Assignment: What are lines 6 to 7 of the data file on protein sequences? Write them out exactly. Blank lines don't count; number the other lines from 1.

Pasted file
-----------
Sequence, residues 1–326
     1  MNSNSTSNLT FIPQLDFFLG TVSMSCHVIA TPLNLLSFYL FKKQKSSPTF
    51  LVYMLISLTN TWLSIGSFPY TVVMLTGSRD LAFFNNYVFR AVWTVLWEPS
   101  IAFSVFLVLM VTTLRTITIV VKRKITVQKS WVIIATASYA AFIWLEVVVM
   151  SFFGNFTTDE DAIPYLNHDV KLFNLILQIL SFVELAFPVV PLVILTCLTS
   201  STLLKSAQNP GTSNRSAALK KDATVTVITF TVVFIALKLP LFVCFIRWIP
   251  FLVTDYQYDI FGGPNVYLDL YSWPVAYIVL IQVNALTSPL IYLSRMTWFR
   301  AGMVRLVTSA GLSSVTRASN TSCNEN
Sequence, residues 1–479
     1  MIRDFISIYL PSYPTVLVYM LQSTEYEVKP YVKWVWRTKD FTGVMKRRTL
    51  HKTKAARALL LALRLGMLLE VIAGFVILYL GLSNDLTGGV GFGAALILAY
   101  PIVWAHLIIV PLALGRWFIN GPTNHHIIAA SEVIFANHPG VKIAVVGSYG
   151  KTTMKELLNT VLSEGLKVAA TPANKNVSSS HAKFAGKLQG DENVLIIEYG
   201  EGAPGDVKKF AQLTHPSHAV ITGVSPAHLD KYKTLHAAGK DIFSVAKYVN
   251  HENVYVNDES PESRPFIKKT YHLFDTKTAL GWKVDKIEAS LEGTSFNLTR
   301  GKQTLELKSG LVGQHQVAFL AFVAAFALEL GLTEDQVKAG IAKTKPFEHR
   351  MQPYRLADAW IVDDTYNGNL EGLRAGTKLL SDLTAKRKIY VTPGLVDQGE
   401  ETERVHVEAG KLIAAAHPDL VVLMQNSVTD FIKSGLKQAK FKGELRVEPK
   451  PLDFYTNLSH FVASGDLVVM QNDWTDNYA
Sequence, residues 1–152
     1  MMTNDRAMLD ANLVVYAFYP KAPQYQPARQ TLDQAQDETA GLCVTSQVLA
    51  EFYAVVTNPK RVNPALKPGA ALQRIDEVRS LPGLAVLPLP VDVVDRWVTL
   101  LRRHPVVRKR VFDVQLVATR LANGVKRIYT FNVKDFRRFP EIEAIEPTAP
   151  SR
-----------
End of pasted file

   201  STLLKSAQNP GTSNRSAALK KDATVTVITF TVVFIALKLP LFVCFIRWIP
   251  FLVTDYQYDI FGGPNVYLDL YSWPVAYIVL IQVNALTSPL IYLSRMTWFR